See 20 nursing school interview questions you may face, and prepare your answers before speaking with an admissions counselor.

2. Understand Admission Qualifications

Doing a little research before your call with an admissions counselor not only increases your chances of getting into nursing school, but it can also help accelerate the process. That starts by showing you understand the qualifications for admission into your desired program and how your academic history relates to them.

For example, to be eligible to enroll in Misericordia’s 16-month ABSN program in Pittsburgh, you must:

  • Hold a non-nursing bachelor’s degree or have completed a minimum of 60 credits from a regionally accredited institution while meeting core curriculum requirements.
  • Have a minimum cumulative GPA of 2.75 (based on all transferable credits).
  • Complete all prerequisite courses with the specified grade requirements (we’ll revisit this point later).

It’s also worth mentioning if you’re just short of meeting the GPA requirements for admission, you’re not disqualified from consideration automatically. Your admissions counselor may have strategies to help you boost your GPA, which can increase your chances of getting into nursing school.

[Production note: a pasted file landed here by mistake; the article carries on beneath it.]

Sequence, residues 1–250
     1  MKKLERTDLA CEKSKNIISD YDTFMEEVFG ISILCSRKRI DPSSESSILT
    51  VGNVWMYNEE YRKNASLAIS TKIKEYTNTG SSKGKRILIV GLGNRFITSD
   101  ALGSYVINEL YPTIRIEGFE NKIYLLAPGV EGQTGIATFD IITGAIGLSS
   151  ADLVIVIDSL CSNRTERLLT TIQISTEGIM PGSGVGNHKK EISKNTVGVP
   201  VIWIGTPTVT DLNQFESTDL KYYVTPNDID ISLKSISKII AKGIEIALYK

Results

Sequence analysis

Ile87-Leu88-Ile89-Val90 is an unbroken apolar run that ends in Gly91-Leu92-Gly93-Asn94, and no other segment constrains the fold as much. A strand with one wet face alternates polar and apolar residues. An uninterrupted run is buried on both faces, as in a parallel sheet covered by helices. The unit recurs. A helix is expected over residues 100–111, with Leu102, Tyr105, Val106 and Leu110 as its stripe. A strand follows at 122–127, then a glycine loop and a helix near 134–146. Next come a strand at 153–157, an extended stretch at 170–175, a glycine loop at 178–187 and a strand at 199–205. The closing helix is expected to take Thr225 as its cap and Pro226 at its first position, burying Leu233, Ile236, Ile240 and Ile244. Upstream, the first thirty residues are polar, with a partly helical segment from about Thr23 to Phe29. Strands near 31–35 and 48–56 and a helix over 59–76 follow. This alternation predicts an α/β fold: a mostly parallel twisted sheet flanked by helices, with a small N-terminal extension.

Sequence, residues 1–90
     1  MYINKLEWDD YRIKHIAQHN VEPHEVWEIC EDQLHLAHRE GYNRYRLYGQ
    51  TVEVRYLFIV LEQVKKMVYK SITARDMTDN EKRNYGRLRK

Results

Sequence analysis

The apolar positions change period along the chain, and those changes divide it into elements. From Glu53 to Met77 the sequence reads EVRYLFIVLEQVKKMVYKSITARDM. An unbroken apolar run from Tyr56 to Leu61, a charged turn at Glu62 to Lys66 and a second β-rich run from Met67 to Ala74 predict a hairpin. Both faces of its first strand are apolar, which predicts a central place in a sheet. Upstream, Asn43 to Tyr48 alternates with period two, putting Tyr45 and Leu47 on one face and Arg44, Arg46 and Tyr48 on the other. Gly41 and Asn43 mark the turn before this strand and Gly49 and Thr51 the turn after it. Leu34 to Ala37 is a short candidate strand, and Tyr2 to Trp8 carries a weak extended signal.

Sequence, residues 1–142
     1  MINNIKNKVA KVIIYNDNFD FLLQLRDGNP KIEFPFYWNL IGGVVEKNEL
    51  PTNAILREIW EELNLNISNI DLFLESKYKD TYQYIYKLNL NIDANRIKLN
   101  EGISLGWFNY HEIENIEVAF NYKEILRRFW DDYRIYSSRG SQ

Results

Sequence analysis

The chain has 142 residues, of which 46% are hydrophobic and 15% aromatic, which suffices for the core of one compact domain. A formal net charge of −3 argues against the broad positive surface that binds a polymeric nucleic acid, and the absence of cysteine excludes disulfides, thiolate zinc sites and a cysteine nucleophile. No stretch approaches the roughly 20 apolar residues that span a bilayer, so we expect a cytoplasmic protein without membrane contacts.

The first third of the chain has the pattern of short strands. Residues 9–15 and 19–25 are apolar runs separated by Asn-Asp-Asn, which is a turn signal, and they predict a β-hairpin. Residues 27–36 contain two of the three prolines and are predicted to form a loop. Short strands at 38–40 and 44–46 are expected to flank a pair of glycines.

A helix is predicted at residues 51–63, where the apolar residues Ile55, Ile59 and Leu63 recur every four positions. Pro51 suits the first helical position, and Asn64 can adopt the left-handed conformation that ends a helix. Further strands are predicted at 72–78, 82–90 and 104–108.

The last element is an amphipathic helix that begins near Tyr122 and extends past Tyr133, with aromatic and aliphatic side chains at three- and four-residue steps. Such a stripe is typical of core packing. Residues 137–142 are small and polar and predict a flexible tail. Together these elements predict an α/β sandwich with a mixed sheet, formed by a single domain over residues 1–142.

Wall display of Misericordia logo in hallway

3. Communicate Your Academic History

Having access to your unofficial school transcripts is another way to speed up the nursing school admissions process. For one, having a general idea of your cumulative GPA and what courses you’ve taken already can help you narrow the list of nursing programs for which you’re eligible to apply. While this step isn’t necessary for your first call with your admissions counselor, it can make your conversation more productive. What is another way to make the most of your call with an admissions counselor? Being honest.

Your desire to put your best foot forward on this call is understandable, but neglecting to tell your admissions counselor about any issues of concern (like a bad grade in a required course) can harm your prospects down the line.

The sooner you share this information, the sooner they can work with you to devise a game plan for success. They’re there to help you, not judge you. After all, their primary job is to help you achieve your dream! “We need to see what you’ve taken so we can evaluate your eligibility for the program,” Johnson says.

With all information in hand, we can let you know how many prerequisites you may need, if we’d suggest retaking any courses to raise your GPA, and generally help you evaluate your options for getting into nursing school.

-Ken Johnson, Misericordia ABSN admissions counselor

4. Do Well in Your Prerequisite Courses